Guard Member Earns Chaplain of Year Award
Chaplains have myriad reasons for serving their country, but recognition usually isnâ€™t one of them.
â€œChaplains are often in the position where we love to serve so much, itâ€™s always a surprise to be rewarded for it,â€ said Army Chaplain (Capt.) Rebekah Montgomery, who will receive the Chaplain of the Year award from the Military Chaplains Association on July 17.
Montgomery, a Unitarian Universalist chaplain serving with both the Army National Guard Readiness Center here and Marylandâ€™s 58th Troop Command, said she has been a student of religion since high school.
â€œI was always drawn to how people negotiate their daily lives with the experience of the spiritual,â€ said Montgomery, a Bethesda, Md., native. â€œI got so much stimulation out of understanding other faith traditions, and I still do.â€
After an 18-month tour in Afghanistan, Montgomery returned to Maryland and took on two jobs. One weekend a month, she is the brigade chaplain for the 58th Troop Command, a job that she said keeps her grounded in the â€œM-dayâ€ unit mentality. An M-day unit one in which troops serve one weekend a month and a two-week annual tour each year.
â€œWith my state, thatâ€™s where the real nuts-and-bolts mission is,” she said. â€œI feel like Iâ€™m staying in touch and serving at the local level.â€
During the week, she focuses on a broader mission at the readiness center, advising high-level officials on spiritual issues.
â€œMy position at [the National Guard Bureau] is sort of an aide-de-camp for a general,â€ she said. â€œYou go places and see things you would never see in an M-day unit.â€
At the readiness center, Montgomery participated in a recent suicide prevention stand-down, offering her counseling services to soldiers.
â€œSuicide has been an issue I have seen deployed, in the field and on drill weekends,â€ she said. â€œItâ€™s a fact of life and is something chaplains are often involved in.â€
Montgomery said she feels she has made a contribution, but finds it difficult to quantify the results. Morale and a decreasing number of infractions can be indicators, but itâ€™s tough to measure a chaplainâ€™s full impact.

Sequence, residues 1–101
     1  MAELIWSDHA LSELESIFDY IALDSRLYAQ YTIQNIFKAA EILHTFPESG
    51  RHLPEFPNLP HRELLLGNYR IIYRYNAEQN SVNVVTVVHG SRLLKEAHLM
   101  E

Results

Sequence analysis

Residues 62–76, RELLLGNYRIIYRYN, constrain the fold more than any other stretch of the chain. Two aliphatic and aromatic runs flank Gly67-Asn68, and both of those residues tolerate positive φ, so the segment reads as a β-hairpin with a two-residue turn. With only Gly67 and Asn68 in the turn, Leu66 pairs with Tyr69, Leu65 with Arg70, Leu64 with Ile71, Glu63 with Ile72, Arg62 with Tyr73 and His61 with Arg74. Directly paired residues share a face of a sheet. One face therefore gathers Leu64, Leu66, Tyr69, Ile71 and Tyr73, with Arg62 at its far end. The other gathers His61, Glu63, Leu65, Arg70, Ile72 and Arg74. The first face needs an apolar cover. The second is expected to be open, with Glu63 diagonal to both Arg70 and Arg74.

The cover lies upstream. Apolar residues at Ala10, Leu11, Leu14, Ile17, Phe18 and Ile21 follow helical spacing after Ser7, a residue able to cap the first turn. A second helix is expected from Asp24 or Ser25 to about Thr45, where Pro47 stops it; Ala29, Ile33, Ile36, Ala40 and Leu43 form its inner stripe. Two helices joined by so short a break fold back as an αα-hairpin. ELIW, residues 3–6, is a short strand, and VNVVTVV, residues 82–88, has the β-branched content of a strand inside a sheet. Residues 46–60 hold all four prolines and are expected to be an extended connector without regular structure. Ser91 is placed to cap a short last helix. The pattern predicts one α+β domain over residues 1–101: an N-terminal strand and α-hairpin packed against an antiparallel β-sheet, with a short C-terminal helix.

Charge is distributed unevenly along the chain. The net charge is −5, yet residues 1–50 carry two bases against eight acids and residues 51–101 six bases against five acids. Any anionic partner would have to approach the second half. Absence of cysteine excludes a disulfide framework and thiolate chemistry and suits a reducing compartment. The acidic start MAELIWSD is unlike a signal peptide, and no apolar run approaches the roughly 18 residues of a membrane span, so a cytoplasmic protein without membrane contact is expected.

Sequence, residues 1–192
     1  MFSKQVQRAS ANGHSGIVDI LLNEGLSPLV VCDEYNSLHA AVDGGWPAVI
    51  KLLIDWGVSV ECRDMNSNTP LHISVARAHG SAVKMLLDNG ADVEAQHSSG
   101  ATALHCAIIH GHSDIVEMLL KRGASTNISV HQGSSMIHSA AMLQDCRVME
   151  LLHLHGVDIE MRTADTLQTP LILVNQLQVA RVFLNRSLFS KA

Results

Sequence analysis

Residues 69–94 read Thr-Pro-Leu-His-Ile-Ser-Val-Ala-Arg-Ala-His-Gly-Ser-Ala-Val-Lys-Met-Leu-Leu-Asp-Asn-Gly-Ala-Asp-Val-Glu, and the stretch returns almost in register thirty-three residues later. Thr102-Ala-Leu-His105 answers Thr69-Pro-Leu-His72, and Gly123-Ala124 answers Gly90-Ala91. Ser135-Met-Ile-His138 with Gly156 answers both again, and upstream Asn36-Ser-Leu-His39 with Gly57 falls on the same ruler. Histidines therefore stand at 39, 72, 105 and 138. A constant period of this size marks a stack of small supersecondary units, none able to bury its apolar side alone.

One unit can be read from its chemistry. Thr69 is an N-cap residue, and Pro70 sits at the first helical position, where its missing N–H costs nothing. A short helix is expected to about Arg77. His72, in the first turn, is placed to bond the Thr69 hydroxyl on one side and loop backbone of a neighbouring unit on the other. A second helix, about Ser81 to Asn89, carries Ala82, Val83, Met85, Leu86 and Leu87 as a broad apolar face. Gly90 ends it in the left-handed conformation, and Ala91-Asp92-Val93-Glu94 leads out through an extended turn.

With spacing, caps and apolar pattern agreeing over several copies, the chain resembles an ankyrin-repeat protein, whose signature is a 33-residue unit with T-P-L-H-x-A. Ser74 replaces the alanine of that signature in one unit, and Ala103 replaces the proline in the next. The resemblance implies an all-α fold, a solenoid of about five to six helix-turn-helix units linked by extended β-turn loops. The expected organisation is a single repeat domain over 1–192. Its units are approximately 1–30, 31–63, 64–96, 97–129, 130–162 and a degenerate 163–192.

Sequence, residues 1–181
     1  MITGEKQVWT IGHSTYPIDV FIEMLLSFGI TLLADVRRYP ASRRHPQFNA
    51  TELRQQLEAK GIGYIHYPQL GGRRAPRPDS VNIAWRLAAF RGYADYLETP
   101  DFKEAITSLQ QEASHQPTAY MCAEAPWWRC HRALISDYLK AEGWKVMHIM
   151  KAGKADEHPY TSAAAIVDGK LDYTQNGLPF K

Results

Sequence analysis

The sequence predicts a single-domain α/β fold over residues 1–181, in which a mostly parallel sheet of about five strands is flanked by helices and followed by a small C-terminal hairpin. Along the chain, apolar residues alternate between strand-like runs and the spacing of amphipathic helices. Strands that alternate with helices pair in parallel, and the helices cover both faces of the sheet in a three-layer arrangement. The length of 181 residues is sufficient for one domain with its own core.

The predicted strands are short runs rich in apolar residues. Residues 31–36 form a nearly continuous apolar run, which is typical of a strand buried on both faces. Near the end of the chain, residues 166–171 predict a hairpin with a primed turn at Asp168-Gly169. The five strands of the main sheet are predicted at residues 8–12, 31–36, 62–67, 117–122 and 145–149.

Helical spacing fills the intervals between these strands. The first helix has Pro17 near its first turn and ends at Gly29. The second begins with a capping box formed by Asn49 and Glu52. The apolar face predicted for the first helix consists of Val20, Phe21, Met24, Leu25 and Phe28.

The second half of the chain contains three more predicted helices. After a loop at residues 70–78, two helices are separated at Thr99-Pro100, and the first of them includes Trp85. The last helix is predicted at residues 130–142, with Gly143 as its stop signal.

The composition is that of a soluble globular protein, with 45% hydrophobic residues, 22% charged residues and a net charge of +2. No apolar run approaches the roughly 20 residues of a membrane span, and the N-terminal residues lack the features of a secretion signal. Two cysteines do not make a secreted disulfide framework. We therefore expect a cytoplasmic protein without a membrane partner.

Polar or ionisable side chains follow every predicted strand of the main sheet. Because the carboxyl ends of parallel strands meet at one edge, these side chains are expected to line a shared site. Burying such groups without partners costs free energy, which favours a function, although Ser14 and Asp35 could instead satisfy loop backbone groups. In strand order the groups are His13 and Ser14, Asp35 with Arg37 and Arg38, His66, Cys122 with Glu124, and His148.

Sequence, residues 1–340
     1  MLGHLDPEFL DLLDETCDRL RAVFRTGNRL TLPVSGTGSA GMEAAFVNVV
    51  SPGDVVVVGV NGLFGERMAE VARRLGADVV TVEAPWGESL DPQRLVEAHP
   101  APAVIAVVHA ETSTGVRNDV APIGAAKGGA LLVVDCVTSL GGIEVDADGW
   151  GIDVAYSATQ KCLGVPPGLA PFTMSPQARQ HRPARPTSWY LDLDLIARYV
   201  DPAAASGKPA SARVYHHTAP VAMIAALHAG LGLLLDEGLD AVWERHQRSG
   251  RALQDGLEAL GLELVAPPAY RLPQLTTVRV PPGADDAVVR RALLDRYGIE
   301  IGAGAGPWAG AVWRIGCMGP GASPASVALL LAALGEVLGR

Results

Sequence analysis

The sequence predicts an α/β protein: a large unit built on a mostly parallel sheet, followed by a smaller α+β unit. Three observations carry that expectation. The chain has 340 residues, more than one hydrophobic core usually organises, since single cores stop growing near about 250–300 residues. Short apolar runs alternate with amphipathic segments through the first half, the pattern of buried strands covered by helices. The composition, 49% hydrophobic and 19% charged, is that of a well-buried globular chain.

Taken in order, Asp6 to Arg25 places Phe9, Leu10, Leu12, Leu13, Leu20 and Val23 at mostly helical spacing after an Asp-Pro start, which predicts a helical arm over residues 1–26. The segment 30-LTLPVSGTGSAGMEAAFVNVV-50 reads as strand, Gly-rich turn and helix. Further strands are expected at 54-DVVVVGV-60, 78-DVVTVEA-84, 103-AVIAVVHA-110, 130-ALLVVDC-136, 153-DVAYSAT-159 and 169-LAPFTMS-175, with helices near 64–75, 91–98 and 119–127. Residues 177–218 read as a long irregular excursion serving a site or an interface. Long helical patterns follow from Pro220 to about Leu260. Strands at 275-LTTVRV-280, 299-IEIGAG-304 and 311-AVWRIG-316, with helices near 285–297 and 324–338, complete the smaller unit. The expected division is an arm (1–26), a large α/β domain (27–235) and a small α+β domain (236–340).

â€œWe donâ€™t see the direct results, but we trust God is using us in a profound and positive way,â€ she said. â€œYou canâ€™t quantify how many divorces didnâ€™t happen. You canâ€™t quantify how many suicides didnâ€™t happen.â€
With her award, Montgomery said she realizes her efforts have not gone unnoticed, and she always keeps in mind the reason she was nominated.
â€œJust having the opportunity to serve soldiers is the greatest mission on Earth.â€
By Army Staff Sgt. S. Patrick McCollum
Special to American Forces Press Service
Table of contents for Military Chaplains
- Jesus Walks the Battlefield
- Father Martin C. Hoehn
- Church: Chaplains are heroes, too.
- Chaplain Gave All-Chaplain (Major) Henry T. Vakoc
- Father Vincent Capodanno
- Father Elmer Heindl
- Father Heindl Saved America
- Father Leo – Saving Souls in Iraq
- Father (Capt.) Emil Kapaun
- Priest Called to Serve – in the Army
- Former Stunt Man Makes Leap to Airborne Ministry
- Female Chaplains Serve God and Country
- West Point Priest in Iraq
- Father Tim Never Surrendered
- Guard Member Earns Chaplain of Year Award
- Aiding God and Country: Chaplain Assistants
- To one Marine chaplain, karma is everything
- New Zealand chaplain making a difference to Afghan orphans
- St. Elijah’s Monastery in Iraq
- Captain Dale A Goetz KIA
- Mass celebrated in a far away land
- Serving God and the troops in Kyrgyzstan
- A breeze and a Bible changed her life
- Our Best: Spc. Heather Lane
- Military service a testimony of faith
- Father Emil Kapaun to be awarded Medal of Honor
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